This lyrical and energetic monologue from Manchester-based dual heritage writer David Judge examines what family means today.Dave loves Rod Stewart, Joanne and his Ford Capri. He’s all set for a new start. Only Joanne’s about to have someone else’s baby. Is Dave ready to become a Dad even though he’s not the father?
A punchy and poetic exploration of family, race, identity and love, SparkPlug is the story of a white man who becomes the adoptive father, mother and best friend of a mixed-race child, David. This lyrical and energetic monologue from Manchester-based dual heritage writer David Judge examines what family means today.
Inspired by autobiographical events and exploring the playwright’s background as an actor and spoken word artist, SparkPlug is unflinching in its portrayal of real situations as it explores racism, violence and masculinity – some of the most pressing issues currently being discussed. Offering a non-judgmental space in which to start a conversation, SparkPlug seeks to give people the chance to talk openly about these themes.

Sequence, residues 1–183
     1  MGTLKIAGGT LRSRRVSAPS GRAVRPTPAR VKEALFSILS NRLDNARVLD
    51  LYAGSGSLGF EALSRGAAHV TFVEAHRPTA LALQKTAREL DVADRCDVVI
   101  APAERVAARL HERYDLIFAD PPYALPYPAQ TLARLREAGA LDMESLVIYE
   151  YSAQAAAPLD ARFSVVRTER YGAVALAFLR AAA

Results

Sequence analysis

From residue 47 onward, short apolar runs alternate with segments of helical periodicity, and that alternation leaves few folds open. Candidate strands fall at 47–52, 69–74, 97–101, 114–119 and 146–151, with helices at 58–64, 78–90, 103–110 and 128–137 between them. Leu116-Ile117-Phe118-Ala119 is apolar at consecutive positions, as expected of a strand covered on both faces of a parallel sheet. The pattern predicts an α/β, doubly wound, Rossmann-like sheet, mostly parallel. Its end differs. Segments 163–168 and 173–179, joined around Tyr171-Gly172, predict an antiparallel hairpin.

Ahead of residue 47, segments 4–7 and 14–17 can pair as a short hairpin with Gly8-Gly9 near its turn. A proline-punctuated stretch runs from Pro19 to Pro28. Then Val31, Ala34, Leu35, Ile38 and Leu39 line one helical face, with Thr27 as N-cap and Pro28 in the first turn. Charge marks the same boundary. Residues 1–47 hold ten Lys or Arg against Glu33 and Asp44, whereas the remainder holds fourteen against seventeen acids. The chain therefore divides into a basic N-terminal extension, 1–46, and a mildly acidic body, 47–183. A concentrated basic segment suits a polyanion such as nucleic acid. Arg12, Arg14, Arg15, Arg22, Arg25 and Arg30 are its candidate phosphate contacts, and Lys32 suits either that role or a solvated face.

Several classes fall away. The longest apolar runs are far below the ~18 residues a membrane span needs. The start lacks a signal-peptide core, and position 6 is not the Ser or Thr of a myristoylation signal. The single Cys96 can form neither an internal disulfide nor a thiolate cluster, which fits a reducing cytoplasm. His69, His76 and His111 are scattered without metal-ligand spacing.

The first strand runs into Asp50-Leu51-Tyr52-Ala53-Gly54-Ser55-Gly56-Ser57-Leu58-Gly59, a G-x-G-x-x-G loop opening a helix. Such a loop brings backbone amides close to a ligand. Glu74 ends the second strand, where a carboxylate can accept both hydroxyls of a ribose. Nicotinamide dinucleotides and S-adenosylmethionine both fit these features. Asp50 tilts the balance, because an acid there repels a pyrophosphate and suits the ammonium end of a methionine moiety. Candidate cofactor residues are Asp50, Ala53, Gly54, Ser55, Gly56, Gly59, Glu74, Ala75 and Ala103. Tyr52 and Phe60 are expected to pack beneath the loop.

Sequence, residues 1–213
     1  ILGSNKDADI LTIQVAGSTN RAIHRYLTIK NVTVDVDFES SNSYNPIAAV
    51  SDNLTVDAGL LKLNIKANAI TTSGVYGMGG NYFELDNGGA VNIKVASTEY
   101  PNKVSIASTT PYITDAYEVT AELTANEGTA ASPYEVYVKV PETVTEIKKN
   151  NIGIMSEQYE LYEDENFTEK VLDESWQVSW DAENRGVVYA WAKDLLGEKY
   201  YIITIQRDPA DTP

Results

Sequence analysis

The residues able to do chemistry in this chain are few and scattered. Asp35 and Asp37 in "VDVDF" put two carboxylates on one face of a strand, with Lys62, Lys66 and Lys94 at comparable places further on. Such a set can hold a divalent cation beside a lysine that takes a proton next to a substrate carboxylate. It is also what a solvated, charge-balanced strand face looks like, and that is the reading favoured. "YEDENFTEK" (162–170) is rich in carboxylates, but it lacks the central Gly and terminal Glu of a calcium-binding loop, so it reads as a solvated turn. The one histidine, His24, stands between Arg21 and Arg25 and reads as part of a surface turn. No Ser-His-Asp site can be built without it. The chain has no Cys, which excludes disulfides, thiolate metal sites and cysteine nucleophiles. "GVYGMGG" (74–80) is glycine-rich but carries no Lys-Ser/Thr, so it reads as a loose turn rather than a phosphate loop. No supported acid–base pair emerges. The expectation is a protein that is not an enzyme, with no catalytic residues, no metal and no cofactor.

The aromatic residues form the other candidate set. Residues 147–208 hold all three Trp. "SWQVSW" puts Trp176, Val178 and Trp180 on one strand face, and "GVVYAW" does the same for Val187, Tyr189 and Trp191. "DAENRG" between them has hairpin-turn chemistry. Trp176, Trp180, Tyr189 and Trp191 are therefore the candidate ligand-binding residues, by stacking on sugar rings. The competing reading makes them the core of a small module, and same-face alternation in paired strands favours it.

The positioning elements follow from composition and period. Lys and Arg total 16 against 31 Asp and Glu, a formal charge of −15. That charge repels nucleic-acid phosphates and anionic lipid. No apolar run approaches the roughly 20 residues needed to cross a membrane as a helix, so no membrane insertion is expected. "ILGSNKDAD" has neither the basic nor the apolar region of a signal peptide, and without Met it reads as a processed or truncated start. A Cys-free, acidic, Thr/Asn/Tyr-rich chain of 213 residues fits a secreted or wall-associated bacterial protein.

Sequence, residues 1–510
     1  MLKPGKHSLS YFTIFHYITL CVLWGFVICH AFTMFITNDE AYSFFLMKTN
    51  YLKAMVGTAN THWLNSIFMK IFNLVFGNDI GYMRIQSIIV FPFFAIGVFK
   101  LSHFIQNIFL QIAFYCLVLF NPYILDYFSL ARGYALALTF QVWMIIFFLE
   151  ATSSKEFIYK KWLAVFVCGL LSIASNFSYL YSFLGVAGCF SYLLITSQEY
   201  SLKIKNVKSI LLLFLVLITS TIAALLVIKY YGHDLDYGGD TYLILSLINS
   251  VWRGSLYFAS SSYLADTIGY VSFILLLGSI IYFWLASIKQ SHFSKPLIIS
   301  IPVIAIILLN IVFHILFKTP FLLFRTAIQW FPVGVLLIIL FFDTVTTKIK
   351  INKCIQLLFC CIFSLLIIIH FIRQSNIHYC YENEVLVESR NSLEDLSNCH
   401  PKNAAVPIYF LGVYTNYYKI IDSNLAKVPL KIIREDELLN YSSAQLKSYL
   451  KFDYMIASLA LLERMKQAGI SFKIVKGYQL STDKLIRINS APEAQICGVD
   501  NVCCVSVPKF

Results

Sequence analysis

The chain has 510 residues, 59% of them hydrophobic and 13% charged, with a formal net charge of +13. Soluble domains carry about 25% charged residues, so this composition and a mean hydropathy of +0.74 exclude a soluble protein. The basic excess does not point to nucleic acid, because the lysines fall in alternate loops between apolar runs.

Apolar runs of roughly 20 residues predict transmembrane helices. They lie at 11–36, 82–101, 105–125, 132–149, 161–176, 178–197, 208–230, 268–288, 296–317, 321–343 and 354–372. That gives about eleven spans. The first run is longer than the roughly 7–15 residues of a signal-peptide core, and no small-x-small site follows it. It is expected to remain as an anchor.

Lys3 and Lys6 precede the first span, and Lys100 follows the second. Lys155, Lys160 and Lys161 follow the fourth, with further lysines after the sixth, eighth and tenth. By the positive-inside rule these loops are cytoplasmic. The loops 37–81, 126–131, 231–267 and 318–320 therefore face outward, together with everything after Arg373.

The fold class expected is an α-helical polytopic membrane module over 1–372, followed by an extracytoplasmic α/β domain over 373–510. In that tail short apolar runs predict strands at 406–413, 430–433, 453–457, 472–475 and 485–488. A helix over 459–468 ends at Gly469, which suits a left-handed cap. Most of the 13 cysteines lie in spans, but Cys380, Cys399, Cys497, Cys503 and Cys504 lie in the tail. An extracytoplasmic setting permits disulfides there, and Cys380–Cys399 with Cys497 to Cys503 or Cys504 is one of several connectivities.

Writer David Judge comments, As a 'man of colour' my voice as a writer has become a valued weapon, loaded and aimed at those without. As a 'man of colour' I sometimes feel pressured to speak for a community I know nothing of and feel I am being recruited to hate those without, the 'white man'. This fight both inside and outside of myself makes me question where my loyalties lie. Who am I loyal to? And who to me? The answers are straight forward; my biological Father, my 'Black' left me before I was born; my biological Mother, my 'Blood' left me when I was seven years old; the only person who stuck by me, from boy to man, who grew and shaped me into the man I am today was a white man. A white man with love and hate tattooed on his knuckles, with a ginger perm, with a Ford Capri, with Rod Stewart constantly on the stereo. So out of my loyalty to him, I have used my voice to write a play about the man who made me one. My Father. I hope it's enjoyed.
SparkPlug was a finalist for the Alfred Fagon Award for Best New Play 2017. It is produced by Box of Tricks, a Manchester-based theatre company that champions the next generation of playwrights, producing top quality new plays on local and national stages. Their previous two productions Narvik (Best New Play at UK Theatre Awards 2017) and Plastic Figurines enjoyed sell-out audiences and critical acclaim in 2016-17.
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